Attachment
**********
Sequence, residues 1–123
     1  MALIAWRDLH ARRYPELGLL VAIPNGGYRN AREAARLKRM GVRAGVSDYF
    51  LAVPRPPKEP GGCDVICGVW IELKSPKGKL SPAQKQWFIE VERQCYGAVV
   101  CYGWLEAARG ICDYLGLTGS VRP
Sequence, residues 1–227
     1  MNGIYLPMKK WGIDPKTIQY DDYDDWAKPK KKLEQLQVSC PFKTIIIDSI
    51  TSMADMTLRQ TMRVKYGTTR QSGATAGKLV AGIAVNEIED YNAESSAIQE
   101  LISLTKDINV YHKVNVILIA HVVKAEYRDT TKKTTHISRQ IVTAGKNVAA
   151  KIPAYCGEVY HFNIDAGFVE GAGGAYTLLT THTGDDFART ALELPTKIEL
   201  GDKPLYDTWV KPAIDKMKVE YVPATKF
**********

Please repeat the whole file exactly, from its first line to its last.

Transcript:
Sequence, residues 1–123
     1  MALIAWRDLH ARRYPELGLL VAIPNGGYRN AREAARLKRM GVRAGVSDYF
    51  LAVPRPPKEP GGCDVICGVW IELKSPKGKL SPAQKQWFIE VERQCYGAVV
   101  CYGWLEAARG ICDYLGLTGS VRP
Sequence, residues 1–227
     1  MNGIYLPMKK WGIDPKTIQY DDYDDWAKPK KKLEQLQVSC PFKTIIIDSI
    51  TSMADMTLRQ TMRVKYGTTR QSGATAGKLV AGIAVNEIED YNAESSAIQE
   101  LISLTKDINV YHKVNVILIA HVVKAEYRDT TKKTTHISRQ IVTAGKNVAA
   151  KIPAYCGEVY HFNIDAGFVE GAGGAYTLLT THTGDDFART ALELPTKIEL
   201  GDKPLYDTWV KPAIDKMKVE YVPATKF